Machine Learning Department
School of Computer Science, Carnegie Mellon University
Approximation Algorithms and New Models
This thesis is divided into two parts. In part one, we study the k-median and the k-means clustering problems. We take a different approach than the traditional worst case analysis models. We show that by looking at certain well motivated stable instances, one can design much better approximation algorithms for these problems. Our algorithms achieve arbitrarily good approximation factors on stable instances, something which is provably hard on worst case instances. We also study a different model for clustering which introduces limited amount of interaction with the user. Such interactive models are very popular in the context of learning algorithms but their effectiveness for clustering is not well understood. We present promising theoretical and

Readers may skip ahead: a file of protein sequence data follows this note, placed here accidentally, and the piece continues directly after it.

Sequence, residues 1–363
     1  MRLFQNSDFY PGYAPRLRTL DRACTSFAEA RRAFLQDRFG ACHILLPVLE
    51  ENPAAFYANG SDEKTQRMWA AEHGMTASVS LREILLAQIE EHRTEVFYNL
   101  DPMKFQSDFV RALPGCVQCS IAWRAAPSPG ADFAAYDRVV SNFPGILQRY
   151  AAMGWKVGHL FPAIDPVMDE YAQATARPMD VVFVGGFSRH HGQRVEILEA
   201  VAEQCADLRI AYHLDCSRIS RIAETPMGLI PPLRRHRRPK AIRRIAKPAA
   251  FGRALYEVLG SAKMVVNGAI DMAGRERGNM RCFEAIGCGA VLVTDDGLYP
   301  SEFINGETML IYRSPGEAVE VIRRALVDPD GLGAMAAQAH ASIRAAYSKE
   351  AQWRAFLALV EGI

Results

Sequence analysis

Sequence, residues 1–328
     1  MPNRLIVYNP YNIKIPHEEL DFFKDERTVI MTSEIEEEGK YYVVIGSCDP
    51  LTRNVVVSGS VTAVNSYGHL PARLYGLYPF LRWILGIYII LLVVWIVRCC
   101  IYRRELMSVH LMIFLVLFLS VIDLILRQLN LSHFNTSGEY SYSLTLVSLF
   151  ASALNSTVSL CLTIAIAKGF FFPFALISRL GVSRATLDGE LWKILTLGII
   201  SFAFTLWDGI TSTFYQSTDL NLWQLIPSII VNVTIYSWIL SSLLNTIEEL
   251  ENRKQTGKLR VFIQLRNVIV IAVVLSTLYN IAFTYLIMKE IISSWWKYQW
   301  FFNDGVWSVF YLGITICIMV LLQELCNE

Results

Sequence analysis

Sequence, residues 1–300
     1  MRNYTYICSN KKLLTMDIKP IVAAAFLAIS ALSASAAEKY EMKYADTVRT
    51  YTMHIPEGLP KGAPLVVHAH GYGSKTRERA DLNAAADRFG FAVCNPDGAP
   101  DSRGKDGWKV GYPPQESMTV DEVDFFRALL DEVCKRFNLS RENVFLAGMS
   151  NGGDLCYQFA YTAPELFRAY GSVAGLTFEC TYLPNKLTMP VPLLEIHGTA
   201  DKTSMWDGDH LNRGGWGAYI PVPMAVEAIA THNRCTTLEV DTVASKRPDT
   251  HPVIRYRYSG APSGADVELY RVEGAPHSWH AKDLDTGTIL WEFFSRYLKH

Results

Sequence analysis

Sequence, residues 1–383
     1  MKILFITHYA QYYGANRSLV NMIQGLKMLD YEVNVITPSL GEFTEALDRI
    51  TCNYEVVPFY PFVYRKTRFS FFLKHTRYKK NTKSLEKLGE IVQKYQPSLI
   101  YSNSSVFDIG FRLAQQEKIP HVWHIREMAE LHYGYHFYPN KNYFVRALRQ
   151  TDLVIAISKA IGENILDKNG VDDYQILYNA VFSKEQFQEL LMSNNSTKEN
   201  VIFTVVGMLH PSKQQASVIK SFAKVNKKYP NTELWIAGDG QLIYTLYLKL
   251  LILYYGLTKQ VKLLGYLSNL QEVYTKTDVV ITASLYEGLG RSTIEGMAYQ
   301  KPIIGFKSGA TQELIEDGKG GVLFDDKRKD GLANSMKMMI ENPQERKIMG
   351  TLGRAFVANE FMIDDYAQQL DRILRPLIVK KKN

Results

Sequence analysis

experimental results in this direction.
The second part of the thesis studies the design of provably good learning algorithms which work under adversarial noise. One of the fundamental problems in this area is to understand the learnability of the class of disjunctions of Boolean variables. We design a learning algorithm which improves on the guarantees of the previously best known result for this problem. In addition, the techniques used seem fairly general and promising to be applicable to a wider class of problems. We also propose a new model for learning with queries. This model restricts the algorithms ability to only ask certain "local" queries. We motivate the need for the model and show that one can design efficient local query algorithms for a wide class of problems.
||SCS Technical Report Collection
School of Computer Science